While doctors most often receive information about new drugs from their professional societies and pharmaceutical representatives, every now and then, we get blind-sided. Such was the case recently with an oral drug I would soon learn was called Vitrakvi.
In the same day, one patient I was seeing and a couple of others via phone asked if I was aware of a new drug that was curing cancer. They had seen a report on the nightly news. While they could not recall the name of the drug or the specifics of what cancers were benefitted, I clearly had an assignment to learn more.
Turns out, the drug is larotrectinib (brand name Vitrakvi). Medically speaking, it inhibits a specific tyrosine kinase (an enzyme) signal that makes a normal cell act like a cancer cell. The specific tyrosine kinase is encoded by DNA at a gene locus known as NTRK. In some cancers, this gene is mutated.
Unfortunately, in the more common cancer subtypes, this gene is not mutated; therefore, the drug is ineffective. However, the mutation has been found—and the drug shown effective—in cancers of the salivary and thyroid glands, some lung cancers and some sarcomas.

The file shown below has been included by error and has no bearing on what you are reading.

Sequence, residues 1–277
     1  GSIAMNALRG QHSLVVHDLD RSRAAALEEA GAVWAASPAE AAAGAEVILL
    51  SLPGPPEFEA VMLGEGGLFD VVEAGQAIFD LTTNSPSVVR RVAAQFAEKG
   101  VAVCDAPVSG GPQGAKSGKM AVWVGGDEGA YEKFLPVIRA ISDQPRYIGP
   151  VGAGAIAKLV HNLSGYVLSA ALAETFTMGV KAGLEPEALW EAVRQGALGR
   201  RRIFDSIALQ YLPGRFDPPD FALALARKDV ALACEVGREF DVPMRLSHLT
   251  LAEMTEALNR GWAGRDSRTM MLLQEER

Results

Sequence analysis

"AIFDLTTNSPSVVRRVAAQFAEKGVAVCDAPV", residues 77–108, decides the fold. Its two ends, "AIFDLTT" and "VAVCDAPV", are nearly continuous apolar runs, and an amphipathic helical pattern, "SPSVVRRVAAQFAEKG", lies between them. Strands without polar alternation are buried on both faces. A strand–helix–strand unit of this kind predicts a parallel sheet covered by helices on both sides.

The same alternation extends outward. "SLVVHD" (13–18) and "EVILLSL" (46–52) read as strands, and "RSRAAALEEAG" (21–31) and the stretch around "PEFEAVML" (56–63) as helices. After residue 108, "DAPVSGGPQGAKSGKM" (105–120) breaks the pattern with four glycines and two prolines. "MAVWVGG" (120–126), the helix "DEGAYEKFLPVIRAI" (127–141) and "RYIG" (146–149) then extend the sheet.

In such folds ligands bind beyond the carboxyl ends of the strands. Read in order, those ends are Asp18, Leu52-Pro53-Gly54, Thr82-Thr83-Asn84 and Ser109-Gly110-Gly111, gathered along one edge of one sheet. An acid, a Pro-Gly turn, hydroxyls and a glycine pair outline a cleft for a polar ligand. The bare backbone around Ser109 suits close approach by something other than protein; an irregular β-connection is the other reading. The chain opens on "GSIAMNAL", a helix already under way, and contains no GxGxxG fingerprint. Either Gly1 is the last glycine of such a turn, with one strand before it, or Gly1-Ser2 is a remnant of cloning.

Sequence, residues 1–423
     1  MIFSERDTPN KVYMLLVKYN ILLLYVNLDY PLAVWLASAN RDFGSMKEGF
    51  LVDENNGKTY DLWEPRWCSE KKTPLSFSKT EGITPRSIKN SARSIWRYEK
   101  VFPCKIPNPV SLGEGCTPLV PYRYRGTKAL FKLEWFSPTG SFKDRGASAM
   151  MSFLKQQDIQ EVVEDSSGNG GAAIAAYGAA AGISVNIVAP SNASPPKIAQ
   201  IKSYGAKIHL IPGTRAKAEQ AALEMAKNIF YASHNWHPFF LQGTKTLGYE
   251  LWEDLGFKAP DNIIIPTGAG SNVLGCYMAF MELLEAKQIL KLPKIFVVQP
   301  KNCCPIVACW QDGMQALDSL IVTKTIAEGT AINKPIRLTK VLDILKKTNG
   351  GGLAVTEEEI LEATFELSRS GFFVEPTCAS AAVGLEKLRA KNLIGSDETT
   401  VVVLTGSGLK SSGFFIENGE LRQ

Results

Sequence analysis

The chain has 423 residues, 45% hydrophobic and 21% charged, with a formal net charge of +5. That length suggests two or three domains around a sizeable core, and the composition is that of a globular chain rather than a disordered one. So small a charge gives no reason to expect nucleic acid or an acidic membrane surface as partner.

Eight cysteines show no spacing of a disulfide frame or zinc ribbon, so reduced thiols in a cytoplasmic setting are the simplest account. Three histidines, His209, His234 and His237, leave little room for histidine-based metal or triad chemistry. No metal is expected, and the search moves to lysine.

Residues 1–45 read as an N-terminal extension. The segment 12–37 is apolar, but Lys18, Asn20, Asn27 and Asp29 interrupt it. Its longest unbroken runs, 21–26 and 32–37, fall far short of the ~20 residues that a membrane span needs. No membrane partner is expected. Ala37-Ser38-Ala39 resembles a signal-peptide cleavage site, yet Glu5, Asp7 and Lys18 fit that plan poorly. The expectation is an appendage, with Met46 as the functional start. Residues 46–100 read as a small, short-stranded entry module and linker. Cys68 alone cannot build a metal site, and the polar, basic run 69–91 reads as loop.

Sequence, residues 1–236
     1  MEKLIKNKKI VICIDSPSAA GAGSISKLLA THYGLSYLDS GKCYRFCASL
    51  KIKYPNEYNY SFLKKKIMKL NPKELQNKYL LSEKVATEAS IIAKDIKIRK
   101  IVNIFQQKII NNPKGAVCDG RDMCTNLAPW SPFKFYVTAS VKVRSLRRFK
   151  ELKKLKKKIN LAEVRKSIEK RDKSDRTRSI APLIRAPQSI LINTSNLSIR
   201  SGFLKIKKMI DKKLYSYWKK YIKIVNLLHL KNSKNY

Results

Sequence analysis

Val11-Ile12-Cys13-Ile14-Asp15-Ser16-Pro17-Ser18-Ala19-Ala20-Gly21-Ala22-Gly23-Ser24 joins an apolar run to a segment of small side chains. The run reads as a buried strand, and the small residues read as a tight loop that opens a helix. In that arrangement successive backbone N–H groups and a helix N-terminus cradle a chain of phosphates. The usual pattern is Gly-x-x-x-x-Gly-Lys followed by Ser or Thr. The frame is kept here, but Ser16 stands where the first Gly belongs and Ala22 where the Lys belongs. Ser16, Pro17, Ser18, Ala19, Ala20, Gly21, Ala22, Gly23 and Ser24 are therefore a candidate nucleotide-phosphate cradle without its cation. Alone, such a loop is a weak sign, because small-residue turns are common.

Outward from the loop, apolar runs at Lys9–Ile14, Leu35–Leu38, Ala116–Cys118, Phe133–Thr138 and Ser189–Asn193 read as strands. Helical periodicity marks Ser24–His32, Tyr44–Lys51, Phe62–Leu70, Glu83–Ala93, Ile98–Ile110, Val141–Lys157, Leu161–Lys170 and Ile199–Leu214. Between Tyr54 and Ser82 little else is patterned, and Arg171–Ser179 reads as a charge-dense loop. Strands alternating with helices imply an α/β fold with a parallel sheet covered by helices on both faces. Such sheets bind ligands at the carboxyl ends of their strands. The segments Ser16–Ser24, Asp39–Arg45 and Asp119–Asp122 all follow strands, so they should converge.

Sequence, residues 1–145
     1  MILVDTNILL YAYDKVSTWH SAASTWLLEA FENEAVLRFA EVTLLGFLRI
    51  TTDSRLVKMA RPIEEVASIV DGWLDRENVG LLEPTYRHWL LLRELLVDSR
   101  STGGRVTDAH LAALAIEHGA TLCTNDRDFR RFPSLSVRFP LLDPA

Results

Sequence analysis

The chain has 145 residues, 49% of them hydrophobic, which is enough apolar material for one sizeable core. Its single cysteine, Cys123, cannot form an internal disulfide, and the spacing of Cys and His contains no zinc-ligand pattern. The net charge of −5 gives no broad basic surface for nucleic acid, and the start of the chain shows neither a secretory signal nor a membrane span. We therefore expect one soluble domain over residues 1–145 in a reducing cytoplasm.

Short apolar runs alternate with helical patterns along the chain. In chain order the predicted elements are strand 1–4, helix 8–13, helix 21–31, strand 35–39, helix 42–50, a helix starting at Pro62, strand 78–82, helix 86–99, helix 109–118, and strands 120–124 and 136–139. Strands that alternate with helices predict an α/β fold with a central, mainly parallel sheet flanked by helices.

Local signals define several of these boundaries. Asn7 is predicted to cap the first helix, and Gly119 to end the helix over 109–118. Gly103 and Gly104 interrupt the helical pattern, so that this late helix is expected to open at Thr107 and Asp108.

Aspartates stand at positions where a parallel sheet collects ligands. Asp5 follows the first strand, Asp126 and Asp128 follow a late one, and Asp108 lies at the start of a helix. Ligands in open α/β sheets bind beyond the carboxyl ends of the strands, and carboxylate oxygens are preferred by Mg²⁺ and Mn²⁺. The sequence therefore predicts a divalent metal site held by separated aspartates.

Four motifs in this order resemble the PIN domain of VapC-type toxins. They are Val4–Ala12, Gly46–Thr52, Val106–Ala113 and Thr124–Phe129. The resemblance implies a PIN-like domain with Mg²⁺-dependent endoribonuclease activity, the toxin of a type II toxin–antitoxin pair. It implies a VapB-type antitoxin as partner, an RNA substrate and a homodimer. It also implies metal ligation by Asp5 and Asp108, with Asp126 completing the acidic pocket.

More and more frequently, cancer specialists are sending cancer tissue for mutation analysis by what is known as Next Generation Sequencing. In this way, these specialists determine mutations present in the cancer cells, including some deemed to be “driver” mutations, which can be targeted by drugs such as larotrectinib. This new drug is only the second therapy approved by the FDA for biomarker-positive patients across all solid tumor types.
The drug and its treatment were approved via an accelerated approval based on overall response rate and duration. Continued approval for its indication (namely, treatment of tumors with NRTK gene mutation) is contingent on verification of benefit in confirmatory trials.
Of course, while not emphasized in the news report, the drug has side effects including fatigue, nausea and other GI complaints, dizziness, and liver and nerve toxicity. I have not been able to find an accurate quote as to the cost, but it likely may produce financial toxicity as well!
In summary, this new drug can help patients who have a cancer bearing a specific gene mutation. I am ecstatic to have it, and although it is unlikely to help a large number of patients, I hope it proves to be a wonderful therapy for those with this specific gene mutation.